The crime rate varies considerably from country to country and it's important to investigate the level in a particular country, region or city before deciding where to live. Most western European, Middle Eastern, Asian and Australasian countries are very safe places to live and Canada also has relatively little serious crime. However, the crime rate in the USA varies considerably from state to state and city to city, and can be high. Many Central and South American and African countries can be extremely dangerous places in which to live and precautions may need to taken at all times. Major cities have the highest crime rates, some areas of which are best avoided at almost any time of the day or night. Many cities are notorious for 'petty' crime such as handbag snatching, pickpockets and thefts of (and from) vehicles. In contrast, crime in villages and rural areas (away from tourist areas)...


Posted on: 16th Jan 2015

If you plan to take a pet abroad, it's important to check the latest regulations. Make sure that you have the correct papers, not only for your country of destination, but for all the countries you will pass through to reach it, e.g. when travelling overland. Particular consideration must be given before exporting a pet from a country with strict quarantine regulations, such as the UK. If you need to return prematurely, even after a few hours or days abroad, your pet may need to go into quarantine.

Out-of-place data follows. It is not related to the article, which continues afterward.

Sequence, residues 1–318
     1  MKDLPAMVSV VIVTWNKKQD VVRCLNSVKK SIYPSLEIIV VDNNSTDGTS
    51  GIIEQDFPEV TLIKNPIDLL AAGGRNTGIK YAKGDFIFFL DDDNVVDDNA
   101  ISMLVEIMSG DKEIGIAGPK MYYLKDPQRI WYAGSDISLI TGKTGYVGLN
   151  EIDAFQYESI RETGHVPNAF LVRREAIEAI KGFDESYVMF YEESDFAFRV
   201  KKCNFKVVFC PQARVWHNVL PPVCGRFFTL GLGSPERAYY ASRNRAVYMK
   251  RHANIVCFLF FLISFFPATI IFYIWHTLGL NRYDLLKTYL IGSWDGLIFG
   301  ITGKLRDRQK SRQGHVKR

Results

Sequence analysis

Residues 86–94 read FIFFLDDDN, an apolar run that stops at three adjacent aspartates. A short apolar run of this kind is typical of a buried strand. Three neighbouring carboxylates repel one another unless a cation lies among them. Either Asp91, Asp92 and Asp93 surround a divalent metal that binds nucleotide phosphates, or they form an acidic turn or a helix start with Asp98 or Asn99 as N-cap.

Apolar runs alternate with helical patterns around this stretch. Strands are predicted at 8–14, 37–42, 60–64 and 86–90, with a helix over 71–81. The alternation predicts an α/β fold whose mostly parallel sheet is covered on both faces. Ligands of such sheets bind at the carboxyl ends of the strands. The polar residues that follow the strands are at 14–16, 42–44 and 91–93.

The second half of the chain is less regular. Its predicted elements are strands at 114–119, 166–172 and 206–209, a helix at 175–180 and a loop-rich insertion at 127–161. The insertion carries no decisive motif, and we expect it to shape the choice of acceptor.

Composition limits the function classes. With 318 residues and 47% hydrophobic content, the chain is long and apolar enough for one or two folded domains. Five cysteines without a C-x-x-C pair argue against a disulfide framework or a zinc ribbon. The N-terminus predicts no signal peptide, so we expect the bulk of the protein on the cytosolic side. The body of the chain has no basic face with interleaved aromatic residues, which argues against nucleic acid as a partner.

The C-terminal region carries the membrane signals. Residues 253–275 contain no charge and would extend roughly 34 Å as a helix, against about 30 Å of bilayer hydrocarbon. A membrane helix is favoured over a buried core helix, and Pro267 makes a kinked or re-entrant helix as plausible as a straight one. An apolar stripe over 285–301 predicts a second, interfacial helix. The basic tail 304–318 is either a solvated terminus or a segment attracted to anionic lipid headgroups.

Some countries (e.g. Australia and Britain) operate a quarantine period, which may be in the owner's own home, and some (such as Britain and Sweden) have a pet's passport scheme. Most countries require pets to have a health certificate issued by an approved veterinary surgeon and vaccination certificates for rabies and possibly other diseases. A rabies vaccination must usually be given not less...


Posted on: 16th Jan 2015

It's important to be aware of anything that's happening in a country where you're planning to live or work that could affect your personal safety, such as wars, riots, military coups, terrorism, kidnappings and general civil unrest, to name but a few. You also need to be aware of crime and drugs, health, women's issues, motoring problems, and how to deal with local officials and matters such as bribery and corruption, which is a way of life in some countries. If you have any problems concerning safety while abroad, you should contact your local consulate or embassy for advice. If you register with your local embassy they will contact you in times of serious civil unrest or wars and may assist you in returning home (if necessary) 

            Further information is available in our Living and Working series of books.